This communication did nothing to restore our confidence in Seabrook, and only served to heighten our fears of losing everything, including the few personal effects we had packed.

On 13 September, after numerous emails and calls from both ourselves and my sister, Michael confirmed that our crate had been found in a bonded warehouse. He committed to provide us with a new quote to ship our goods, then the well-feared lack of communication again stepped in.

By 24 October 2018, in total desperation, I again emailed Michael and CC’d the other email addresses used previously in which I threatened legal action. I was notified that Michael would call me soonest. This did not happen until 1 November or thereabouts. Finally, on 22 November 2018, we received an invoice for air freighting our goods to Belize. By this time our funds were basically non-existent, and our work permits only limit us to doing business as described in our business license related to our products.

In order to get the funds for shipping, we were forced to sell a share in our company. The airfreight was paid on 13 December 2018, with Seabrook promising that our goods would arrive in Belize within 5-10 days after arriving at their forwarding company. After another flurry of inquiries that did not produce any results, we were notified on 27 December that our crate had been handed over to the airline, but their freight department was not yet operational after the holidays.

On 7 January 2019 we received a waybill indicating that our goods had been shipped on 26 December via Virgin Airways to Heathrow, London. Some progress at last!!!

But we could find no sign of where the crate had gone from there on any tracking system. What Now?!

Seabrook seemed to have gotten injured in action, with little assistance from them, so we contacted Amerijet on 15 January, the company responsible for the Miami-Belize leg of the journey. Amerijet was fantastic. Within hours they replied to our email, stating that the crate had not been delivered to the Miami-Belize flight by Seabrook's forwarding agent, and would look into the matter. On 16 January 2019, Seabrook notified us that they had not yet received any info regarding when our goods would reach Belize, but would keep us updated.

"Amerijet was fantastic."

On 19 January 2019, exactly a year to the day that we delivered our goods to Seabrook in Wynberg, Cape Town, we received a notification from the Amerijet tracking system that our crate had arrived in Belize. If we had any funds left we would have celebrated!!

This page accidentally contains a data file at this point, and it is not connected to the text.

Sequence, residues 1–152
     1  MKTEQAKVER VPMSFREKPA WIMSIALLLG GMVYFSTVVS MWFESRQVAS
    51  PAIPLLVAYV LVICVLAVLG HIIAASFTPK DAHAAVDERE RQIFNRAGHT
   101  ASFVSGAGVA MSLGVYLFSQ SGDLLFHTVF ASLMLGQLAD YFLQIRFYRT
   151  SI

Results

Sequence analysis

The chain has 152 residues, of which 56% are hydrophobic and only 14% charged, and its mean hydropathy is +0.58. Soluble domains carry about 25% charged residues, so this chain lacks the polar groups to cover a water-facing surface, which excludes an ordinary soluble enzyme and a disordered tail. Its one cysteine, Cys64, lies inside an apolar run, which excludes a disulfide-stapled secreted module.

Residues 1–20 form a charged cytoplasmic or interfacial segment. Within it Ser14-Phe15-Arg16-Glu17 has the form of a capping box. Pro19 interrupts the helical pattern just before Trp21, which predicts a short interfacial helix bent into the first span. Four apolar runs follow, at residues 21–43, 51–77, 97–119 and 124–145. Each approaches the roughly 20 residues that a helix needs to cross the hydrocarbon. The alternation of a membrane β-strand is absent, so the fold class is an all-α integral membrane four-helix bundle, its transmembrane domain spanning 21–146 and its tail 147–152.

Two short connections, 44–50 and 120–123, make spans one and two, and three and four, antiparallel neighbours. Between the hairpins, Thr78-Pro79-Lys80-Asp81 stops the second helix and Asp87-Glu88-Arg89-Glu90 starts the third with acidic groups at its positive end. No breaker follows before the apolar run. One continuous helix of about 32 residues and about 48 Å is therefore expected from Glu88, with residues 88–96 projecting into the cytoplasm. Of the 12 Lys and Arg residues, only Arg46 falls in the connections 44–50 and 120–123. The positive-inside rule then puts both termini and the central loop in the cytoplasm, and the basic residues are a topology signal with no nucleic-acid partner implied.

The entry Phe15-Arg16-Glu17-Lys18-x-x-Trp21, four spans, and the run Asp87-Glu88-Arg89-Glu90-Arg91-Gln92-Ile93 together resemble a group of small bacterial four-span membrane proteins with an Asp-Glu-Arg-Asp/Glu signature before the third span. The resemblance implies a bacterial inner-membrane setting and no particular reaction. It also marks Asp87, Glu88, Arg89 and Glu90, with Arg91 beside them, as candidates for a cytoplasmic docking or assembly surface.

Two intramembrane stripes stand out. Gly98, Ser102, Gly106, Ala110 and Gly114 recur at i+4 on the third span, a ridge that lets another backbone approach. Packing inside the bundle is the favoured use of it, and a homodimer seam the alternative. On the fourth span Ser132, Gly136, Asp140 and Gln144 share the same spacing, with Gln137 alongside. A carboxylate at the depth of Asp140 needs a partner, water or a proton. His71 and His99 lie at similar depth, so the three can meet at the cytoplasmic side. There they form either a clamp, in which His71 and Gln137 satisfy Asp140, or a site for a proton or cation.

It is now 3 weeks later, 11 February 2019, and still no word from Seabrook.  Fantastic job of updating their clients! We have also established that we were not the only clients that received such treatment, with several reporting similar experiences on People on 4x4 forums also were not complementary of the service received.

Once things had calmed down after opening up a very battered plywood crate (thank God all was intact), we sat down to assess our situation.
We had survived on the bare minimum for the past 9 months without any additional income except assistance by friends and family, and had lost tens of thousands of dollars in expected revenue. Added to this the increased shipping cost from $1180 to $3400, a difference of $2,200, we are out of pocket a . . . let us just say, absurd amount of money.  (Advised by Legal team not to disclose amount if we still wish to go that route.)
This does not include the stress and aggravation that we went through, nor the cost of confidence lost in our ability to service our clients. This also does not cover the treatments for my wife’s scarring products included in the shipment that had expired and had to be discarded.

As this massive delay had been caused by unethical conduct and bad management at Seabrook, Cape Town, I decided to request that they cover some or all of the cost of shipping our goods, as it was malfeasance of their staff, and apathy from their management that put us in this position. Seabrook politely declined, stating that they are not in the habit of shipping goods for free. 
I would guess their corporate clients do not receive the same treatment.

"I decided to request that they cover some or all of the cost of shipping our goodsSeabrook politely declined."

As I believe that companies globally should start taking responsibility for their actions, it has become part of my mission in life to become the instrument of change for these companies.

In order to assist Seabrook in this, I am sharing my story with the world in general, and in specific with the companies they so proudly flaunt as clients on their website.  I am in the process of contacting every complainant in order to compile a fact sheet on Seabrook, and to share this write-up with all.

The ultimate plan is to set up a wider database of companies, where each complaint reported to it must be accompanied by evidentiary proof (emails, call logs, documents and screenshots) as I have collected with Seabrook.

I do not want ethical companies falsely accused, nor do I want those trampling on the lives of their clients escaping Scott-free.
Following the judicial route is expensive, time-consuming and biased towards those that can afford the best lawyers. The court of public opinion is much more effective and has shown to deliver better response from companies that provide shoddy service and products. 

"The court of public opinion is much more effective and has shown to deliver better response from companies that provide shoddy service and products."

It is time that the client/consumer realizes that they hold the power, not the companies they deal with.

I reserve the right to add to this communication any response from Seabrook as I deem fit and necessary.

Yours Sincerely
Ronald Gibson
Contact details as per Blogger Profile